This is not a good point. Lots of people (men and women) who have high powered careers have children. Should they all stay home for 18 years?

Meade said...

Freeman Hunt said...
Again though, how about Romney? And if not Romney, who?

Romney/Cheney 2012: Experience. Competence. Limited government.

Dust Bunny Queen said...
So does Obama, have small children. Perhaps he should have focused on them instead of becoming President?

Perhaps indeed.

This is not a good point. Lots of people (men and women) who have high powered careers have children. Should they all stay home for 18 years?

Yes.

John Lynch said...

You don't have a liberal Republican from Massachusetts as your running mate if you are already a former liberal Republican governor of Massachusetts. Makes no sense.

It probably wouldn't even get Massachusetts' electoral votes, although now... who knows?

There really are no more red and blue states.

Freeman Hunt said...

DBQ, running for President is not like a high-powered job. It's vicious, especially if you're a conservative.

Also, I think it depends on what you mean by "high-powered." If you mean a job like the President's where you, by necessity, have almost no family time at all, then no, I don't think that's good for people with children.

Controversial: And yeah, I do think it's a good idea that somebody, man or woman, or some kind of split, stays home with the kids for eighteen years.

BJM said...

The irony of being beaten by a guy driving a GMC truck with 200,000 miles on it is probably lost on the WH.

JAL said...

You got it Synova re the Drudge headline.

It illustrates how ludicrous the selection of Obama was.

(I believe Brown also qualified as a paratrooper. Not exactly a "white collar" JAG.)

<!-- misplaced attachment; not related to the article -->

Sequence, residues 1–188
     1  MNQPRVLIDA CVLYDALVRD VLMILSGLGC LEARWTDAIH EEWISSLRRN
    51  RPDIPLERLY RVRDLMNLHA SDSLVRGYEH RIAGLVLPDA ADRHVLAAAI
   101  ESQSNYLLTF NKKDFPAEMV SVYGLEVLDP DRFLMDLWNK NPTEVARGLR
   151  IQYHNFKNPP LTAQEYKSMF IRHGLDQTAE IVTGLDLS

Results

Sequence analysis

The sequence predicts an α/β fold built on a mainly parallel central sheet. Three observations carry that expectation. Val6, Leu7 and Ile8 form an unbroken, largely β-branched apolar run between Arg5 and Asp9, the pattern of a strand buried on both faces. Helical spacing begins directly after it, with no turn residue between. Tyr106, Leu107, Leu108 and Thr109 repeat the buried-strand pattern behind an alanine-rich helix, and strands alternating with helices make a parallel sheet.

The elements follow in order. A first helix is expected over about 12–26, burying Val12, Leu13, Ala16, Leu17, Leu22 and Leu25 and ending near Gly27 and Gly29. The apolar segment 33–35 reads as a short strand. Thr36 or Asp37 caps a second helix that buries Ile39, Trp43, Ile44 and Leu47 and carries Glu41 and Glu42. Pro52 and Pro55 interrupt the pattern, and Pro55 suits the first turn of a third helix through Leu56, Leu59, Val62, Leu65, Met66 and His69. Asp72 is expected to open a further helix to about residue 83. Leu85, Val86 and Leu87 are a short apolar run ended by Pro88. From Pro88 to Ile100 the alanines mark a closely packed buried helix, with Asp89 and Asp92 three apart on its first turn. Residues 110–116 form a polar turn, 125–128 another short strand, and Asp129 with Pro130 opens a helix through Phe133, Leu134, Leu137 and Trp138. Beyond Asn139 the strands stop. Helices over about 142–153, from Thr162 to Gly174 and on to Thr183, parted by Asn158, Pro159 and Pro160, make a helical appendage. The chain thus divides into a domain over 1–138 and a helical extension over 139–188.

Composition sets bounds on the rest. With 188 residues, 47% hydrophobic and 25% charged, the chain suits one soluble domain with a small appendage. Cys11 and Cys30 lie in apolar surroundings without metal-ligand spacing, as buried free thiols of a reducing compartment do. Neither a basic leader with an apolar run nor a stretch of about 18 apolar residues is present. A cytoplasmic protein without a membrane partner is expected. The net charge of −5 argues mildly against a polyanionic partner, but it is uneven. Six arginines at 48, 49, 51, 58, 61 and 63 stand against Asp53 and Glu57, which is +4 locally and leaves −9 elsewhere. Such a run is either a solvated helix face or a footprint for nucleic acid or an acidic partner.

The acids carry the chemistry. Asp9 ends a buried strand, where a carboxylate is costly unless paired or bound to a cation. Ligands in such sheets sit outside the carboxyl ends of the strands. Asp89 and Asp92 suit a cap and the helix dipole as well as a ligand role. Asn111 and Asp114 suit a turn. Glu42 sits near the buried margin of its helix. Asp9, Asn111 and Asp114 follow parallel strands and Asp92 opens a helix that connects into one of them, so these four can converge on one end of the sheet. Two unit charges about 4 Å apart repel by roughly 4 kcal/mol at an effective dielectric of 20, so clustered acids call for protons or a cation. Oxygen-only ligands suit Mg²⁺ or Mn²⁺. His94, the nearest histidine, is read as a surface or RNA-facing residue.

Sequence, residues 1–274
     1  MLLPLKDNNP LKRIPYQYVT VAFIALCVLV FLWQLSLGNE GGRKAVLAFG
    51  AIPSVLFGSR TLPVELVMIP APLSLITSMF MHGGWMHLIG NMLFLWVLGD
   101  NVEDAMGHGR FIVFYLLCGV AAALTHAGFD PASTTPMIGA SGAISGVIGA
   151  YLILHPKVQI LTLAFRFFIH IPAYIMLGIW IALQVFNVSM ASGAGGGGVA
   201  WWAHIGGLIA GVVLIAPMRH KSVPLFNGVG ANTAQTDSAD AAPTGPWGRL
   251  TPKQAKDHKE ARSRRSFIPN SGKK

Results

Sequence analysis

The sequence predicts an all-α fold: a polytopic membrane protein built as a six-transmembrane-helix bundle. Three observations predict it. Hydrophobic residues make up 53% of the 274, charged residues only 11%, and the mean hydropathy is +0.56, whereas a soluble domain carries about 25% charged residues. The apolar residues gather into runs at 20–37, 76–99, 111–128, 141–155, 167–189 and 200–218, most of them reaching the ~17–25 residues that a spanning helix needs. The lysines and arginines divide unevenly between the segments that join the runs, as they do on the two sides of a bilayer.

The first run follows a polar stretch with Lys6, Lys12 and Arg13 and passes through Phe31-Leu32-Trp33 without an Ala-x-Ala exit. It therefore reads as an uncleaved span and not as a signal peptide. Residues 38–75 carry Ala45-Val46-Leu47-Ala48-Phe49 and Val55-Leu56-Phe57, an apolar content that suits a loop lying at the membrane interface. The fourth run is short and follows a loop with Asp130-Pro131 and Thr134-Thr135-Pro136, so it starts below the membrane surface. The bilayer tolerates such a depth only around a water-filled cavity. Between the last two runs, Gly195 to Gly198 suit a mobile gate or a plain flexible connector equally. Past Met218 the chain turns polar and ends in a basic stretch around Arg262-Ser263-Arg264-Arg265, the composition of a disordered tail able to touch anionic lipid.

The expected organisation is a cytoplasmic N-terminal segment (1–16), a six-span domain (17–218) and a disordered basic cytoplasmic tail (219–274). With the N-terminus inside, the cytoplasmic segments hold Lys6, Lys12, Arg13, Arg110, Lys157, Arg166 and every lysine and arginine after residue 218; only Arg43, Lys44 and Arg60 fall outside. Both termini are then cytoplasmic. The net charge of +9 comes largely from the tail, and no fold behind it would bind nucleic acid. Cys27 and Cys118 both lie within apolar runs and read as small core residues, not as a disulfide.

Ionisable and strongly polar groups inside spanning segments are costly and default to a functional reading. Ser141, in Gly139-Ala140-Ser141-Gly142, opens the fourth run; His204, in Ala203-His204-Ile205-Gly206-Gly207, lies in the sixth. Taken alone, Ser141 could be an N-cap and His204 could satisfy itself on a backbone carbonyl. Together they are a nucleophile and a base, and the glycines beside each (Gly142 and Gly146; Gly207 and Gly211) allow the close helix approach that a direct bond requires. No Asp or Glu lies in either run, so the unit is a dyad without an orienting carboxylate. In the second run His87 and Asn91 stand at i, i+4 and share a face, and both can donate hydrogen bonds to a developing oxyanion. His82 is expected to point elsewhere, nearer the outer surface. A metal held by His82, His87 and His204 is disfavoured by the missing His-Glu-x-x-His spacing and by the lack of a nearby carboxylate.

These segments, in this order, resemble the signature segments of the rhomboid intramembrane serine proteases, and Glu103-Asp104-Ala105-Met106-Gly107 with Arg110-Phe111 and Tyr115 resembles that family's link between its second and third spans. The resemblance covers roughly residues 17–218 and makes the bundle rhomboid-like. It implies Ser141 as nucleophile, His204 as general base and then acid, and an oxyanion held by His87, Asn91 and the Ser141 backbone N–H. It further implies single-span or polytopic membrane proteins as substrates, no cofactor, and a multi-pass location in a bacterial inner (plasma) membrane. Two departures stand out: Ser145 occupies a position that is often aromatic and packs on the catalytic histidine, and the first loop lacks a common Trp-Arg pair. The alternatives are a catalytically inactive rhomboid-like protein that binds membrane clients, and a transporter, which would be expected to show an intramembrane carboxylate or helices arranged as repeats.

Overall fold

Dust Bunny Queen said...

This is not a good point. Lots of people (men and women) who have high powered careers have children. Should they all stay home for 18 years?

"Yes."

Really? How are they going to feed the children if the parents are forbidden to work for 18 years.

@ Freeman. I agree the "ideal" is that one of the parents be able to stay at home with the small chldren. Especially up until they are in junior high. After that....the kids don't need you to sit at home during the day and dust knick knacks. The reality is that just to put a roof over your head and food on the table and forego all the fripperies like flat screen tvs etc.... it still often takes two jobs.

If you want to get down to it....high powered job versus menial job....the menial job probably takes more out of you as a parent, leaving you tired and still broke at the end of the day.

Side note: my parents both worked full time jobs. Up until I was about 13 years old (I was the oldest child), one would work the day shift and the other the night shift so that there was always some one around for us children. Some one really sleepy and tired but still available. After my turning 13, they both worked the day shift and we were latch key children who came home from school, let ourselves in, did chores, did homework, made some snacks and were self sufficient for about 2 to 4 hours after school. It didn't hurt us. In fact, I think it made us into more responsible adults.

Meade said...